StarsDraft quickly showed up in the PokerStars client, and we U.S. players were able to play on the site right away. I’ll admit I got a kick out of seeing that, reminding me faintly of how things used to be some four-and-a-half years ago.
I never deposited any money on StarsDraft, only playing a few freerolls and one of the free “Bankroll Builders” games they offered. (Indeed, I’ve never deposited on any DFS sites, having only played with money won in freerolls on a few of them.)
All of which is to say, if being able to play something for real money on PokerStars (even if I weren’t doing so) represented a dim echo of my experience playing on the site before, receiving the news of suddenly not being able to do so (again) wasn’t similar at all.
Amaya sent out a presser today saying they were choosing to limit their DFS games to just four U.S. states for now -- New Jersey, Massachusetts, Kansas, and Maryland -- meaning my state (NC) is now on the no-play list.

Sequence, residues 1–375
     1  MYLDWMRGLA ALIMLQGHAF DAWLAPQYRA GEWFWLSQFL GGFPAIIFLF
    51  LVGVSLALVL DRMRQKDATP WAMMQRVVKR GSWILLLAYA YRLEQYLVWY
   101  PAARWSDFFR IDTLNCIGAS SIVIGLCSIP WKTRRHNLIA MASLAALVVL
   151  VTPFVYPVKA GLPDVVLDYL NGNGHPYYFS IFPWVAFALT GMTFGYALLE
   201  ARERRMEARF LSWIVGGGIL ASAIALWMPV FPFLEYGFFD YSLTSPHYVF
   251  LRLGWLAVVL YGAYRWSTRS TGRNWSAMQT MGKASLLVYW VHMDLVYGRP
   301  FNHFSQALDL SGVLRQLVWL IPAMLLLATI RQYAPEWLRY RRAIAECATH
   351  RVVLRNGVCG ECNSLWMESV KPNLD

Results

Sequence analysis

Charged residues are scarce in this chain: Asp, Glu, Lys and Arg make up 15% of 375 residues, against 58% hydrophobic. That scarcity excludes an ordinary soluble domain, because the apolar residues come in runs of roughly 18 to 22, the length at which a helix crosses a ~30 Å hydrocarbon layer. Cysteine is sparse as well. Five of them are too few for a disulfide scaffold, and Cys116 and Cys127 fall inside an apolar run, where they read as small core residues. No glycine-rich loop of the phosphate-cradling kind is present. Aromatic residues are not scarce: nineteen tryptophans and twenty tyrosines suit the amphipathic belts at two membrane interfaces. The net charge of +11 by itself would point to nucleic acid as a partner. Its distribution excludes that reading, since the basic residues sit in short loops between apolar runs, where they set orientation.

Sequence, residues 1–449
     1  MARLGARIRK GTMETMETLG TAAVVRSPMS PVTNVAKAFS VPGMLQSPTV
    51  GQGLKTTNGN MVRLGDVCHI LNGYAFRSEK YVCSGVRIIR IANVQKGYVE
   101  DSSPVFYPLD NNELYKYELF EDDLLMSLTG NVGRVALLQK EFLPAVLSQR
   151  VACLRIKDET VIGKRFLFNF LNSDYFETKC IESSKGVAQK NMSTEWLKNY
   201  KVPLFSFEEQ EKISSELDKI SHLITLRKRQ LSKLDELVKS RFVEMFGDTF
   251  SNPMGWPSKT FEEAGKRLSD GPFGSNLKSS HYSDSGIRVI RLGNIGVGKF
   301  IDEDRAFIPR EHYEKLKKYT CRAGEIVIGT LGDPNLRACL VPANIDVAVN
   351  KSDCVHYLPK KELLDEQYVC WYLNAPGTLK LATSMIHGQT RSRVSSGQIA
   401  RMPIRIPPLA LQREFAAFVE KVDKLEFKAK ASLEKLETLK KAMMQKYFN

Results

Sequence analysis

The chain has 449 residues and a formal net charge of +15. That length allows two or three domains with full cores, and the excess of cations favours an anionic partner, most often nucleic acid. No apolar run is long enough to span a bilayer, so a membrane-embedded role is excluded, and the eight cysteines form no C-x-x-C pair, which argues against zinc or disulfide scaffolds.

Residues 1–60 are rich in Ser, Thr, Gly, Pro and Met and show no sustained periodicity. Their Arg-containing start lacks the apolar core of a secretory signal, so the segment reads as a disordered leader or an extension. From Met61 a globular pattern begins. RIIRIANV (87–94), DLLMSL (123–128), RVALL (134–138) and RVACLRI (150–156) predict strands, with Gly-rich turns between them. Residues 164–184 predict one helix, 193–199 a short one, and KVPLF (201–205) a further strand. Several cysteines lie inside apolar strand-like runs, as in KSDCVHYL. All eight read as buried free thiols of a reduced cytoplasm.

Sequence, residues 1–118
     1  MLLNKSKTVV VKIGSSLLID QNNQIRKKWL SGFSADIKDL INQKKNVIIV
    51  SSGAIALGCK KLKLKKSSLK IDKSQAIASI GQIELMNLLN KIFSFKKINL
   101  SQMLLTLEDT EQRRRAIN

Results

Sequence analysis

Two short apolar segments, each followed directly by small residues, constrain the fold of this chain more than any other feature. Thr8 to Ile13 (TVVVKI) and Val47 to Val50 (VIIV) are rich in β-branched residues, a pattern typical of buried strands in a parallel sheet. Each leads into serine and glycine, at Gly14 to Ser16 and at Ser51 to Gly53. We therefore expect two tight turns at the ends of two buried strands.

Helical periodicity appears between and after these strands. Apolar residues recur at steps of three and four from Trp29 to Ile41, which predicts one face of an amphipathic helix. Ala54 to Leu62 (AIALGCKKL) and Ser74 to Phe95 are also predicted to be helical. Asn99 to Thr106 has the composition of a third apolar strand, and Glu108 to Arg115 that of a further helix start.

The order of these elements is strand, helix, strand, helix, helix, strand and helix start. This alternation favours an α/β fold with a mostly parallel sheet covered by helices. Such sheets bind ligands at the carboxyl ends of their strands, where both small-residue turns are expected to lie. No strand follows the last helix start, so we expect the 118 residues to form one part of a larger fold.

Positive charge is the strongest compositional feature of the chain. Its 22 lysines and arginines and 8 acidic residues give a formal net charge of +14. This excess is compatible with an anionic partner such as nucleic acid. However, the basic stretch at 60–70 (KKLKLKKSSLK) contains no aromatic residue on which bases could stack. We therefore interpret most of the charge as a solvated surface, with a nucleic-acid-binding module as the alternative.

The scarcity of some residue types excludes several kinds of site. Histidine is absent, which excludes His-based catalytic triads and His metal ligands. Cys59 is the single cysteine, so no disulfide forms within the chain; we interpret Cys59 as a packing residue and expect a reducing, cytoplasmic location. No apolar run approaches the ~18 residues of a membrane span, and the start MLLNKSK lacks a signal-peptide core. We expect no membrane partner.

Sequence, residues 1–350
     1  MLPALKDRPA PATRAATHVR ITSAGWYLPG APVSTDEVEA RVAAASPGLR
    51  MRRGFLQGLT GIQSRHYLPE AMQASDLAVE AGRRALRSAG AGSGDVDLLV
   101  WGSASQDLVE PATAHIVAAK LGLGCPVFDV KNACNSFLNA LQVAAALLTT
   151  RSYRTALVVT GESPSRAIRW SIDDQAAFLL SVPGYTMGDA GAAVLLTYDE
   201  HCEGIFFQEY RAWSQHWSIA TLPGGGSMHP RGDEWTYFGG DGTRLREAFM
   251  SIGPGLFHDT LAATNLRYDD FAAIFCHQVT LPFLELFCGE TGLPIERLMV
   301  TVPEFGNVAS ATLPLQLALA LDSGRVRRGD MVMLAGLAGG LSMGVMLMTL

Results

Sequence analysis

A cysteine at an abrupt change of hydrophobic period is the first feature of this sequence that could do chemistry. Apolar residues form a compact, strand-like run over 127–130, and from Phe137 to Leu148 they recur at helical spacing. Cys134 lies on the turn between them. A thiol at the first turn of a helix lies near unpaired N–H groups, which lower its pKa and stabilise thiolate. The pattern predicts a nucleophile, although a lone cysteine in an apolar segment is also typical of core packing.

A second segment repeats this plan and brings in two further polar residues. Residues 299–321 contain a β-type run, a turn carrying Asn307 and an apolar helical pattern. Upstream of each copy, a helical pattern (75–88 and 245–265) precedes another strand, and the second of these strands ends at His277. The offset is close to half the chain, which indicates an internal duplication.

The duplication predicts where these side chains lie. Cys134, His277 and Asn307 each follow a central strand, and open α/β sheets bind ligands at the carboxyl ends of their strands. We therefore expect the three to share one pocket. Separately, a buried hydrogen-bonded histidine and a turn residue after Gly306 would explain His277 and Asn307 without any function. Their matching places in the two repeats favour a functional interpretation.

Those four states are ones described in the release as having “favorable existing daily fantasy sports guidance.” In other words, they’ve either passed legislation or otherwise made explicit that legally speaking things are relatively hunky dory for DFS within their borders.
Last week we were hearing about Florida becoming an uninviting place for DFS sites, then late Thursday the Nevada Gaming Commission made its announcement declaring DFS to be gambling and thus subject to licensure, a move which likewise drove the sites out. This amid reports of legislators’ calls for inquiries, the FBI taking an interest, and other clamoring about the sites’ business models and legal status.
While federal regulation may well come for DFS (and possibly sooner than later), it could go the other way. The whole thing feels at present like a player listed as “DTD” (day-to-day) -- i.e., making him a less-than-recommended play.